Increasingly strong signals regarding the adoption of cryptocurrencies and blockchain technology are coming from the Philippines. The central bank there is considering using stablecoin for cross-border settlements. Work on CBDC also appears to be in its final stages.
Stablecoins with potential for the Philippines
The director of the Central Bank of the Philippines, Mhel Plabasan, noted that the institution he heads is highly supportive of stablecoins. In his view, they have the potential to support the country’s current monetary system, as well as make cross-border payments faster.
Plabasan shared this opinion during a panel discussion at Forkast’s “Crypto Rising: CBDCs & Stablecoins: The Asia Perspective.” In doing so, he pointed out the significant number of Filipinos working abroad. Their numbers may be as high as 12 million, with nearly 4 million of them currently living in the United States. Plabasan referred to the benefits stablecons can bring to this particular segment of the population:
“We saw that this really has the potential to revolutionize both domestic and cross-border payments more affordable, faster, and even the ability to use stablecoins to make cross-border remittances efficient.”
“That’s why it’s important for us to continuously engage the private sector and learn together with them. We are part of the journey to get to improved digital payments using stablecoin.”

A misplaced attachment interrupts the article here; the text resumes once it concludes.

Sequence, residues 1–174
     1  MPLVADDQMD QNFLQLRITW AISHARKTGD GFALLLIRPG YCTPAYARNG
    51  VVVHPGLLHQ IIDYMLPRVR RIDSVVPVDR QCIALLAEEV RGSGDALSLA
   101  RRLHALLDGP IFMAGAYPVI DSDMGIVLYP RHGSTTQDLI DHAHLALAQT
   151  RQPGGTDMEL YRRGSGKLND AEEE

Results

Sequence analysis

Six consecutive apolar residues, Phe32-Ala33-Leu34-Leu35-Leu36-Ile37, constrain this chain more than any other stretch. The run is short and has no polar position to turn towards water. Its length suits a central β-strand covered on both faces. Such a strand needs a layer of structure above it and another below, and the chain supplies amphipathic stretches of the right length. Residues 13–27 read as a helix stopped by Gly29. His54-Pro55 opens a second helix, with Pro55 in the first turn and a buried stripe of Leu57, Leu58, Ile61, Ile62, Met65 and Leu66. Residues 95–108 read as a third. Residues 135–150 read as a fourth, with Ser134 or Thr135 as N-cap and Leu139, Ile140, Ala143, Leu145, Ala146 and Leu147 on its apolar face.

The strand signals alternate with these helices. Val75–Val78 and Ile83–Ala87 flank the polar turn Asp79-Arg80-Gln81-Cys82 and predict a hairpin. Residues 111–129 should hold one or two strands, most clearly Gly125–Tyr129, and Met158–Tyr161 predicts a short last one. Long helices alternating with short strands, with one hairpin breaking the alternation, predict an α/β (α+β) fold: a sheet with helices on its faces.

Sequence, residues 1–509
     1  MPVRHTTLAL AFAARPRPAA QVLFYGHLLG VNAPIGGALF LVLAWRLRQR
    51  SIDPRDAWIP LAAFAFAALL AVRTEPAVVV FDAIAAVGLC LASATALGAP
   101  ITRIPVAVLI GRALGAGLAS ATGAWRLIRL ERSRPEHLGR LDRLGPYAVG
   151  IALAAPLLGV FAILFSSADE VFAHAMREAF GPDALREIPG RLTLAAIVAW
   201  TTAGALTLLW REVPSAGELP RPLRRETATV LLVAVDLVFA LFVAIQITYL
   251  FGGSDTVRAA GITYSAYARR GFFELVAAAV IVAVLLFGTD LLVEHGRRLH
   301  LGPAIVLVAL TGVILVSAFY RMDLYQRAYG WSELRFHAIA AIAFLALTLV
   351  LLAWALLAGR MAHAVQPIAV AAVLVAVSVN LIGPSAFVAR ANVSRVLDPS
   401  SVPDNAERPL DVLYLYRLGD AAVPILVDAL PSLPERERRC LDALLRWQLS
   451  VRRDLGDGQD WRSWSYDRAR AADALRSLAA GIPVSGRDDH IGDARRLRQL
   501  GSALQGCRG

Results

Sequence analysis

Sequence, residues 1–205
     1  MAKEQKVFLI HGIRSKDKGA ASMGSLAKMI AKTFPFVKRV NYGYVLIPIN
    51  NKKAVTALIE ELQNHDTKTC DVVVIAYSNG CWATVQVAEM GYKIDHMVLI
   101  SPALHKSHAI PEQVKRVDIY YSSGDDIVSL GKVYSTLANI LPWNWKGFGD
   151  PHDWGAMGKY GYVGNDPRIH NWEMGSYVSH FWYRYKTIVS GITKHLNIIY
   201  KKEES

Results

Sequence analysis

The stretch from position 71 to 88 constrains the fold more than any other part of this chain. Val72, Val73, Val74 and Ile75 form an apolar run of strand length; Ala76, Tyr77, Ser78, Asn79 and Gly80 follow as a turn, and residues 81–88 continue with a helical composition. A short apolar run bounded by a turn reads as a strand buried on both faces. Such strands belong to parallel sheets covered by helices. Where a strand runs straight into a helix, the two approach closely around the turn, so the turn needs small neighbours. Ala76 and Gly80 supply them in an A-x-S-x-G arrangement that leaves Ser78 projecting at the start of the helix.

CBDC in final stages of preparation
During the conference, the Philippine bank’s director also revealed that a CBDC pilot program will soon be launched. The project has been dubbed CBDCPh by the authorities, and its official launch is expected to take place before the end of this year.
The central banks of Sweden, Norway and Israel boast similar achievements. They are working under a common banner, called “Project Icebreaker.” Their goal is to verify that CBDCs can enable faster and cheaper payments than traditional financial solutions offer. The work is expected to last until the end of 2022. Soon after, the public should learn a report on their effects.
It is interesting to note that the Bank for International Settlements (BIS) has custody of the research outlined above. The involvement of this global institution in the projects at the CBDC, reinforces the belief that their final implementation into practice is only a matter of time. As Beju Shah – head of the BIS Innovation Hub Nordic Centre – comments:
“This first-of-its-kind experiment will delve into the choices and trade-offs of technology, architecture and design. It will also allow us to explore related policy issues. These lessons will be invaluable to central banks thinking about implementing CBDCs for cross-border payments.”